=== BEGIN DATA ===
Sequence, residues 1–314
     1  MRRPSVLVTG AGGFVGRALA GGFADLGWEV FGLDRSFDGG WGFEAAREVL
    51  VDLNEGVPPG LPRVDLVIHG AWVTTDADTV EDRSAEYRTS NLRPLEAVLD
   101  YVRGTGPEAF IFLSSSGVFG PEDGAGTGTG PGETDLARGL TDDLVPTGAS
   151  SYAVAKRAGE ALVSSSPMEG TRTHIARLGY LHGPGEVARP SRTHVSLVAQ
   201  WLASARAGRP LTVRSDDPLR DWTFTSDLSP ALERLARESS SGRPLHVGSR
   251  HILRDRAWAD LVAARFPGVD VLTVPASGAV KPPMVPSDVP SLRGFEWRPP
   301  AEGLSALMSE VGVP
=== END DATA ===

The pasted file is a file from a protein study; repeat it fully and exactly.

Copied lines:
Sequence, residues 1–314
     1  MRRPSVLVTG AGGFVGRALA GGFADLGWEV FGLDRSFDGG WGFEAAREVL
    51  VDLNEGVPPG LPRVDLVIHG AWVTTDADTV EDRSAEYRTS NLRPLEAVLD
   101  YVRGTGPEAF IFLSSSGVFG PEDGAGTGTG PGETDLARGL TDDLVPTGAS
   151  SYAVAKRAGE ALVSSSPMEG TRTHIARLGY LHGPGEVARP SRTHVSLVAQ
   201  WLASARAGRP LTVRSDDPLR DWTFTSDLSP ALERLARESS SGRPLHVGSR
   251  HILRDRAWAD LVAARFPGVD VLTVPASGAV KPPMVPSDVP SLRGFEWRPP
   301  AEGLSALMSE VGVP